The Need for Scholarships
With spiraling college tuition costs, financial aid dollars decreasing, and increasing
loan debt, today's students are faced with higher hurdles in pursuing their studies.
Increasing Student Loan Debt
- The majority (60%) of Oregon students in 4-year institutions are graduating in debt,
averaging almost $22,500 needed to pay back their college costs. That is the 22nd
highest debt rate in the nation, according to the Project on Student Debt.
Increasing Tuition Costs
- Over the decade from 2000-01 to 2010-11, average published tuition and fees at public
four-year colleges rose 72% after adjusting for inflation. Private four-year colleges
reported a 35% increase and public two-year colleges reported a 31% increase in
tuition costs, according to the College Board Advocacy and Policy Center.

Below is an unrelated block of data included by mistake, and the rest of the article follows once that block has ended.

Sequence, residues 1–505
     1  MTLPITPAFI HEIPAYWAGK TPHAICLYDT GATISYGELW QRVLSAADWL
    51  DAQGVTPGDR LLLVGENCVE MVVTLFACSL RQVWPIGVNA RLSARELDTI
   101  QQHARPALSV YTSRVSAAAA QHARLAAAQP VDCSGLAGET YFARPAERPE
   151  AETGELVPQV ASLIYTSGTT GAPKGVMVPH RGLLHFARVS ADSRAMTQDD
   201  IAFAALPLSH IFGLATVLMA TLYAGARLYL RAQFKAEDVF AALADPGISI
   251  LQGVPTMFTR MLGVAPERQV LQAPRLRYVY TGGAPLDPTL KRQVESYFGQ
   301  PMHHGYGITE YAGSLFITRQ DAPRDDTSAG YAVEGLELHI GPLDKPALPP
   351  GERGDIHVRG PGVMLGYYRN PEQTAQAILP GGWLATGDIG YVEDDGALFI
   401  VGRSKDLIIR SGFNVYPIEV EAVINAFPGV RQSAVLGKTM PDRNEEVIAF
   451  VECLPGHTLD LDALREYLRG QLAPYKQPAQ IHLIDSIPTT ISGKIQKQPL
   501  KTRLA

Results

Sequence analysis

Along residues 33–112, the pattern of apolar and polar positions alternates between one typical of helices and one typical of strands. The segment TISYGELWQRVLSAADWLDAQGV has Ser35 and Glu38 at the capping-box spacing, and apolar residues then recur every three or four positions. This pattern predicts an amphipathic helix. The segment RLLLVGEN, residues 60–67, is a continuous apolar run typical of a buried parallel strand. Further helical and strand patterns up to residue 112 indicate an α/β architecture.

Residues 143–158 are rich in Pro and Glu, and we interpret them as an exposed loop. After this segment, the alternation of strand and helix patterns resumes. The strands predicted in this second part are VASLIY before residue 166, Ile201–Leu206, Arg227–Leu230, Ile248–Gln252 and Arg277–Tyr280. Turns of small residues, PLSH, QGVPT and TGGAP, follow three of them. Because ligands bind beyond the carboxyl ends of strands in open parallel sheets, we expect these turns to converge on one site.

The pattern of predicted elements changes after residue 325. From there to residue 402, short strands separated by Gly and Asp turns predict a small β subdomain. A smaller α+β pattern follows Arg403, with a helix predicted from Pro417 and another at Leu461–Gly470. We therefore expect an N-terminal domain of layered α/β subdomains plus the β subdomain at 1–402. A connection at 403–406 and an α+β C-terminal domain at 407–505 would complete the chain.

Cuts to Education
- Oregon's financial aid to low-income students is low. For every dollar in Pell Grant
aid to students, the state spends 24 cents.
- The National Center for Public Policy and Higher Education recently gave Oregon
an "F" on its report card for college affordability, citing that poor
and working-class families must devote 44% of their income, even after aid, to pay
for costs at two-year colleges.
How You Can Help
There are two ways to give to a deserving student:
- Establish a new scholarship fund on your own, with
family, friends, your company, organization, association, or family foundation.
- Contribute to an existing scholarship fund
Whichever way you choose to give to scholarship funding, the choice for placing
your scholarship with OSAC is an important decision.
Your gift is generally deductible as a charitable contribution, but you are encouraged
to consult with your tax advisor.
The federal identification number of the Office of Student Access and Completion is